The 5th Wave has one other thing that sets it apart. While those other YA films showed a post-apocalyptic world, this showed a pre- and mid-apocalyptic world. You see the world in its normal state with kids at parties, Cassie glued to her phone, teens in school, etc. You then see those same children and Cassie specifically thrown into the apocalypse and that stark contrast in their characters and situations. You get a greater sense of what they lost in the alien attack. As the story whittles away at everything they take comfort in – friends, family, social structure, security, technology, food, water – you’re right there along with them. That makes Cassie and her friends not only more identifiable than, say, Katniss, but more interesting.

The alien invasion angle also allows the creators to do something the others didn’t do – they get to destroy the world. And those scenes of alien destruction are some of the most engaging in the film. We see planes fall out of the sky, tsunamis, earthquakes, and more. Humans are ravaged by disease and attacked by drones and snipers. The only thing missing are zombies. So if you like disaster movies, this may appeal to you as it did to me.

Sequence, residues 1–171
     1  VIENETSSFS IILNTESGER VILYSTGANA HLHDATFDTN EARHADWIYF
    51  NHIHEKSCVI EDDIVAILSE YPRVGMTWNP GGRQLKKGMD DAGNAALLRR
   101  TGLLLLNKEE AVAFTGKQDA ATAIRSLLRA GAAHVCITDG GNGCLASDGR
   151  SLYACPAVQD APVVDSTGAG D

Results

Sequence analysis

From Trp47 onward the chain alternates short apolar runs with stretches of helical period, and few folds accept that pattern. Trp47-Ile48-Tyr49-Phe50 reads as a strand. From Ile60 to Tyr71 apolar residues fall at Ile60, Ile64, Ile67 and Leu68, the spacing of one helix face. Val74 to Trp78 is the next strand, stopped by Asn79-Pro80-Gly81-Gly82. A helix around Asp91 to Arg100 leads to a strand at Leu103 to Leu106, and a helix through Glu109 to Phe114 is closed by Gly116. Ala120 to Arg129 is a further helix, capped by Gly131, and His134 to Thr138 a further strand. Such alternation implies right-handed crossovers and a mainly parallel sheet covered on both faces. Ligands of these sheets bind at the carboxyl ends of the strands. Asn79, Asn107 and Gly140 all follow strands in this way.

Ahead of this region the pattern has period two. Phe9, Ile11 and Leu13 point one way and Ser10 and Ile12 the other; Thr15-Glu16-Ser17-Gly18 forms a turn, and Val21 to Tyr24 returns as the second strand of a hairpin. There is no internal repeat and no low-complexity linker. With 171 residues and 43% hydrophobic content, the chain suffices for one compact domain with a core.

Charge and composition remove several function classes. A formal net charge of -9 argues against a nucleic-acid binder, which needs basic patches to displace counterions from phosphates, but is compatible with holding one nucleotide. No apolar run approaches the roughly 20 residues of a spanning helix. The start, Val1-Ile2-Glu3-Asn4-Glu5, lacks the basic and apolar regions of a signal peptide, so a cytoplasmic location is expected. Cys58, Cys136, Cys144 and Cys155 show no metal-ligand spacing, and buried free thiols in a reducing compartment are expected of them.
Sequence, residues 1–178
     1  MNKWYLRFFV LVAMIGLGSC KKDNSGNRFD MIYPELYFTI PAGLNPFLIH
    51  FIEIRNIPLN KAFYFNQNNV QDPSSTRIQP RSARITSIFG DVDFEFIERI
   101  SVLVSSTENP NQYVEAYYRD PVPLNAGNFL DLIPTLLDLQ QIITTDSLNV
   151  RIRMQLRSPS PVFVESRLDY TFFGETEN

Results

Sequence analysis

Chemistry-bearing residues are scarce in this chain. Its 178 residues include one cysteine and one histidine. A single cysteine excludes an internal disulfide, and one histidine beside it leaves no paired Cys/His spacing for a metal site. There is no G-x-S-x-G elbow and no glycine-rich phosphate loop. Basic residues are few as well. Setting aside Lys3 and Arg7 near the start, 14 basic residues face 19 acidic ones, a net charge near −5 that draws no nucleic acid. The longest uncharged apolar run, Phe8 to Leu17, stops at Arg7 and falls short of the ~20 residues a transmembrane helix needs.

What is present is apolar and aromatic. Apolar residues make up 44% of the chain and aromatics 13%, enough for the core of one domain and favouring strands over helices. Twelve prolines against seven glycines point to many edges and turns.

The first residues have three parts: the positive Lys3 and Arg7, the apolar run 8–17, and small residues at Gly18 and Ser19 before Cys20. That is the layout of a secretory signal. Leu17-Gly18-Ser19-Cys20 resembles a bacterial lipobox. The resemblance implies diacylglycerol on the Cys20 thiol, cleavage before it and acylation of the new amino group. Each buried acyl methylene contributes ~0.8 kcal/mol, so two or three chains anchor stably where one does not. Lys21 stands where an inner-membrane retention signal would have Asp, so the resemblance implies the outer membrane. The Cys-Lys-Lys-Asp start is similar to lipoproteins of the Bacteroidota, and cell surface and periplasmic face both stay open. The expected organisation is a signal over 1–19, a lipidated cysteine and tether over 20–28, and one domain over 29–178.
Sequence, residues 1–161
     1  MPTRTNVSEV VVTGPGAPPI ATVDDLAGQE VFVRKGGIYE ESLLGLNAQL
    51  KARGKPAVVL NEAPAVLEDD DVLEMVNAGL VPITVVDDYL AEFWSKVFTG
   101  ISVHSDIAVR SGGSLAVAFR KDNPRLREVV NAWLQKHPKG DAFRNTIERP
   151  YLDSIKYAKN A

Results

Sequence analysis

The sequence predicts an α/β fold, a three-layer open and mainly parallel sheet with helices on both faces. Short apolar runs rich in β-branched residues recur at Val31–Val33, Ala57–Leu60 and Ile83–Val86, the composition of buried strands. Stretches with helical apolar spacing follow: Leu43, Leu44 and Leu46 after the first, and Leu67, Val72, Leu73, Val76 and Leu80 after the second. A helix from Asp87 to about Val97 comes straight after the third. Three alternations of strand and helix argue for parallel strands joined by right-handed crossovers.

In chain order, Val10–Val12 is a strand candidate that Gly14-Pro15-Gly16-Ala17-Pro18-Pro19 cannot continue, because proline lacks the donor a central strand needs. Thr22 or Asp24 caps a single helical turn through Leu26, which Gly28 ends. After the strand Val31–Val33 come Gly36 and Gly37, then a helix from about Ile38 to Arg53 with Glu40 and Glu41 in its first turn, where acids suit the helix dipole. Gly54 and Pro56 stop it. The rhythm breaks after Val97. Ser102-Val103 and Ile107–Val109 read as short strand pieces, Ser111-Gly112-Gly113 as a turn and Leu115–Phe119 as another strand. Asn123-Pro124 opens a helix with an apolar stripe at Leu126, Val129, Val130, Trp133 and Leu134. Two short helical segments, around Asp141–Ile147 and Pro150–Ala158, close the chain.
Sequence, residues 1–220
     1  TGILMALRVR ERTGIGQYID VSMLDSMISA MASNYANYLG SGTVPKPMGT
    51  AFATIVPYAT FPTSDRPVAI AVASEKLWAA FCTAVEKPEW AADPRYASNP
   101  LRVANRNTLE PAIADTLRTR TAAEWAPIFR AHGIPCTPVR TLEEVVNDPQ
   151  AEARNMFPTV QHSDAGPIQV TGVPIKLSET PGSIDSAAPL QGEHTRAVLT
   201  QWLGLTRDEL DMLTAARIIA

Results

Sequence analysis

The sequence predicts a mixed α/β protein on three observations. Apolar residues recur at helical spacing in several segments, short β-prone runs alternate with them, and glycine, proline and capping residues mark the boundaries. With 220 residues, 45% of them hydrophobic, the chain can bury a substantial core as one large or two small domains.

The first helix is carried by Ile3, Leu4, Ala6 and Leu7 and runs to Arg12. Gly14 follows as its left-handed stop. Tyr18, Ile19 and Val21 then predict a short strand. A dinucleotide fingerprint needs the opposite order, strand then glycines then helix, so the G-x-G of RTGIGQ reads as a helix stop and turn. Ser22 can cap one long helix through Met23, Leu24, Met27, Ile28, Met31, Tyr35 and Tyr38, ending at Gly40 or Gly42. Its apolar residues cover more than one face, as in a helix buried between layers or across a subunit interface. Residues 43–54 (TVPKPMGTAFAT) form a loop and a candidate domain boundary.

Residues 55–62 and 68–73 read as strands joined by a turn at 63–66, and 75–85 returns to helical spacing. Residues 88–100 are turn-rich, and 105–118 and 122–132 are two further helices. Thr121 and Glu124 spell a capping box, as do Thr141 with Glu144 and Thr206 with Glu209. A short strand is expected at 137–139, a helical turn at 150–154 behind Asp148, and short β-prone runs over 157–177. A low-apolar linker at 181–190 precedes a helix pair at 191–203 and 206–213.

Chloë Grace Moretz leads the cast as Cassie Sullivan. As we’ve seen in other films, she’s an excellent actress with talent way beyond her age. She manages to make Cassie seem like a realistic teenage girl who responds to these extraordinary situations in a (mostly) realistic way. She seems to be trying to follow in the footsteps of Jennifer Lawrence here, but time will tell if it pays off for her. In any case, she does prove that she can lead a film. Joining her is Nick Robinson as Ben Parish / Zombie. Oddly enough, his scenes are some of the more interesting in the film as we see him drafted to fight the aliens. He leads a band of children in guerilla warfare against the invaders. He’s an engaging character and part of the apparent future love triangle between himself, Cassie, and Alex Roe as Evan Walker. Evan is meant to be eye candy for Cassie as well as a bit of an action hero, and he serves both roles sufficiently. He’s not particularly charismatic, but there’s more to his character as we learn in the film. In one bit of surprise casting, Maria Bello plays Sergeant Reznik. She was completely unrecognizable in the role and I didn’t even realize it was her until I started writing this review. But her character is memorable, particularly for her heavy makeup which is unusual for an Army officer. The rest of the cast is solid as well, but the spotlight is definitely on Moretz and Robinson.